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Immunology 2.0: brain, gut?

By | June 18, 2010

In order to progress, should the field of immunology look to other organ systems such as the brain and gut, or should it focus its efforts on all that remains unknown about the immune system itself? Macrophage cell in early stages of infectionwith African swine fever virusImage: Wikimedia commons"The major advancements in any field come when branches of science collide," said linkurl:Kevin Tracey,;http://www.feinsteininstitute.org/Feinstein/Laboratory+of+Biomedical+Sciences an immunologist at

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Kyoto Prize goes to Yamanaka

By | June 18, 2010

Stem cell researcher linkurl:Shinya Yamanaka;http://www.gladstone.ucsf.edu/gladstone/site/yamanaka/ will receive linkurl:this year's Kyoto Prize;http://www.inamori-f.or.jp/laureates/k26_a_shinya/prs_e.html in Advanced Technology for his work on generating pluripotent stem cells from adult tissues, the non-profit Inamori Foundation announced today (June 18). Shinya YamanakaImage: The Lasker FoundationIn 2006, Yamanaka, currently a senior investigator at the Gladstone Institute of Cardiovascular

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Lions, meet BeetleCam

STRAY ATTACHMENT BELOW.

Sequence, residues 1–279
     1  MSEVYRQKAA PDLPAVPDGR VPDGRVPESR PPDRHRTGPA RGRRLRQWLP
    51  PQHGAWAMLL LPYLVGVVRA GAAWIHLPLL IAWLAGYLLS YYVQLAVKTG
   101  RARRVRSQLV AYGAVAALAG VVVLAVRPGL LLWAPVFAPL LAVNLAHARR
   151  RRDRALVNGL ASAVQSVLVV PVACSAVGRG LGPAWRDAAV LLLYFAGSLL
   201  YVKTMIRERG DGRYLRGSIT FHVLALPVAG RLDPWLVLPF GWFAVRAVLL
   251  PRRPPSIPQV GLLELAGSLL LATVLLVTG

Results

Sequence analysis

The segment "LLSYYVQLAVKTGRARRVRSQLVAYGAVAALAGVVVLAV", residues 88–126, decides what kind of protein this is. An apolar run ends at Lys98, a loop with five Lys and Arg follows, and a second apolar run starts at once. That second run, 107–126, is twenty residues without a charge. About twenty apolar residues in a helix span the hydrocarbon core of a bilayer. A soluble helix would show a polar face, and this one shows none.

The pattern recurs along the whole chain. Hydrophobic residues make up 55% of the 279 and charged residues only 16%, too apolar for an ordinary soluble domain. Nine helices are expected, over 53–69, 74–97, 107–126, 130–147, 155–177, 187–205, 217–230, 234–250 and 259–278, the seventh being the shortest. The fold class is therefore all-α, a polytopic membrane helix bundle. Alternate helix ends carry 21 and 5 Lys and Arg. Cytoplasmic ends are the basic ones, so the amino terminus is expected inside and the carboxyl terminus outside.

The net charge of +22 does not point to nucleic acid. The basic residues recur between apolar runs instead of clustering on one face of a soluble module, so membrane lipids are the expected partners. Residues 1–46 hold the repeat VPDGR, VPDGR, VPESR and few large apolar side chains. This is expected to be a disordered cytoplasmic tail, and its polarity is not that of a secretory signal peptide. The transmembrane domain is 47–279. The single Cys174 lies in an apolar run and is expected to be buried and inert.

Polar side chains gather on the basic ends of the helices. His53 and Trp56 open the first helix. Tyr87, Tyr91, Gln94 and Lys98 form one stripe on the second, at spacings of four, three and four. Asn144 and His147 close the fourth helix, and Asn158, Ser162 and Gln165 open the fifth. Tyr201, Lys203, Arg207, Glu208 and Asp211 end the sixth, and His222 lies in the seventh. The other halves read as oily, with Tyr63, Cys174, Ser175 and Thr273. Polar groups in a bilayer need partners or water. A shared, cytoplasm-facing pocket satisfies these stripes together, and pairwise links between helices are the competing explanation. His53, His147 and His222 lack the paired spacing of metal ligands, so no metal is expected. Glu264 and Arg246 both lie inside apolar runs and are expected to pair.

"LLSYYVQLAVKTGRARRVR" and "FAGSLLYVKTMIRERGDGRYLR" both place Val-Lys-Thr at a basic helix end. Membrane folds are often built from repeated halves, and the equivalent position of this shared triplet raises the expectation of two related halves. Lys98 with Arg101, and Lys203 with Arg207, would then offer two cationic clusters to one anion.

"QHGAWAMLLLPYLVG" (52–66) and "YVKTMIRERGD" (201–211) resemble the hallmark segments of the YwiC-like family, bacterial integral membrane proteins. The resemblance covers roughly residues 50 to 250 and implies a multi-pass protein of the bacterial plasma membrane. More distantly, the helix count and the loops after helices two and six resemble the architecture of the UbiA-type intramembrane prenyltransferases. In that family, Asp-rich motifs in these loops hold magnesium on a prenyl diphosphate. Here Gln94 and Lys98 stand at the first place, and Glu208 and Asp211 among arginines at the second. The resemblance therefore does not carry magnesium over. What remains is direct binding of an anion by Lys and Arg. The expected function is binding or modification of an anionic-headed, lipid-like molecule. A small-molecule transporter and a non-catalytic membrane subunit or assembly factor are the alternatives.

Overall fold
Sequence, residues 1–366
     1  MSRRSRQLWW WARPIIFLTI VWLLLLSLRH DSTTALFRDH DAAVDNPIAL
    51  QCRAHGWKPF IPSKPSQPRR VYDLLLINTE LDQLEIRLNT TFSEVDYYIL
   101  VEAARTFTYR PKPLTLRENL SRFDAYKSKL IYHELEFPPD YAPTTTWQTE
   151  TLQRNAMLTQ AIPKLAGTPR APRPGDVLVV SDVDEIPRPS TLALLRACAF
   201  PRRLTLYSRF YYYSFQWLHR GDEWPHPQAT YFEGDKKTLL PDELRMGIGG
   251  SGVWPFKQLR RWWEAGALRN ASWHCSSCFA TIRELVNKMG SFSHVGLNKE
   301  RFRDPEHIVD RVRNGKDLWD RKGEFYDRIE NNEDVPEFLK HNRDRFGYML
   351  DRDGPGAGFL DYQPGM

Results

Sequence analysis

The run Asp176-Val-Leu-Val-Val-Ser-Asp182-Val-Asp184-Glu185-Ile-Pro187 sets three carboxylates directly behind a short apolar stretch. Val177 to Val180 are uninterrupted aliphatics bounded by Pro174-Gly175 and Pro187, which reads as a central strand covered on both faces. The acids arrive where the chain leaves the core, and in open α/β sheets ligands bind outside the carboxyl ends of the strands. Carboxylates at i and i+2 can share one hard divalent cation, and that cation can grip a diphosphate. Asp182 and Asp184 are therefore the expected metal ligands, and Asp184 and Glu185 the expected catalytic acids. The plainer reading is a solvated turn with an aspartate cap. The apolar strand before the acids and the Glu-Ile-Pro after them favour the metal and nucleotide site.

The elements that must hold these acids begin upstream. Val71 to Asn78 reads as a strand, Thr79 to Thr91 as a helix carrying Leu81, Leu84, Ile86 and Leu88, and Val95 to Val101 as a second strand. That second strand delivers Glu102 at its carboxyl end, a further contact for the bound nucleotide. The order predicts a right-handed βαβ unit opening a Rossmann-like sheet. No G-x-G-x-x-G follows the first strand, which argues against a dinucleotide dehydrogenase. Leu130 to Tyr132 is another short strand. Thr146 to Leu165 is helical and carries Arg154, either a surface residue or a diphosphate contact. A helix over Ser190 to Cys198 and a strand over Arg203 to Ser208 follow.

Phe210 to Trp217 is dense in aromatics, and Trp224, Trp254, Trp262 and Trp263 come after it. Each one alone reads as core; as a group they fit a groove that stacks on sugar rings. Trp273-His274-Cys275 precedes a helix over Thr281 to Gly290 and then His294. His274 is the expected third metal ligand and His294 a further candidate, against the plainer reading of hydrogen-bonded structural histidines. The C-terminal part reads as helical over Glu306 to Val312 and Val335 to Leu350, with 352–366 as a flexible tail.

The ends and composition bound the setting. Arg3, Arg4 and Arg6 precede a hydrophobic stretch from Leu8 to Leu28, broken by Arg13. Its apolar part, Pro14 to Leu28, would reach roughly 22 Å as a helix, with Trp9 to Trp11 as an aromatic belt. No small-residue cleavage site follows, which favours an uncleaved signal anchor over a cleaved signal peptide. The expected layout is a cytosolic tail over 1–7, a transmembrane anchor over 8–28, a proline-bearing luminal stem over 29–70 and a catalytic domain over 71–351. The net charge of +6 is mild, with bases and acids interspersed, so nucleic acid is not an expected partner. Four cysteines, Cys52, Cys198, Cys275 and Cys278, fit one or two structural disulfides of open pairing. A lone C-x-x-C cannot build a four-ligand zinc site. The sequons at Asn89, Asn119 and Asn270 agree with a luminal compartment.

By | June 18, 2010

Most wildlife photographers are hesitant to walk straight up to a lion to take its picture. Brothers linkurl:Will and Matt Burrard-Lucas;http://www.burrard-lucas.com/ feel the same way, but that didn't stop them from getting extreme close ups of one of Africa's most fearsome predators. They designed a rugged, remote-controlled camera car that could traverse the African plains, snapping photos of animals as it went, while keeping the brothers at a safe distance, hiding in a bush. Image: linkurl:

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More hope for genetic fix for HIV

By | June 16, 2010

Genetically modifying the stem cells of HIV patients may one day prove to be an effective, one-time therapy against the hard-to-kill virus, according to the results of a proof-of-principle trial published this week in Science Translational Medicine. Human Immunodeficiency VirusImage: Wikimedia commons, NIAIDIn contrast to the widely used highly active antiretroviral therapy (HAART), which patients must continue for their entire lives to control the virus, such a genetic treatment has the potent

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Good news for rare disease?

By | June 15, 2010

The mother of young twins with a rare genetic disease is seeking approval from the U.S. Food and Drug Administration to administer linkurl:a non-prescription compound;http://www.the-scientist.com/blog/display/55377/ directly into the brains of her girls based on recent findings showing the compound dramatically improves cats with the disease. It may seem unusual for a parent to fill out such an application to the FDA, but Chris Hempel, who has two 6-year old children suffering from Niemann-Pick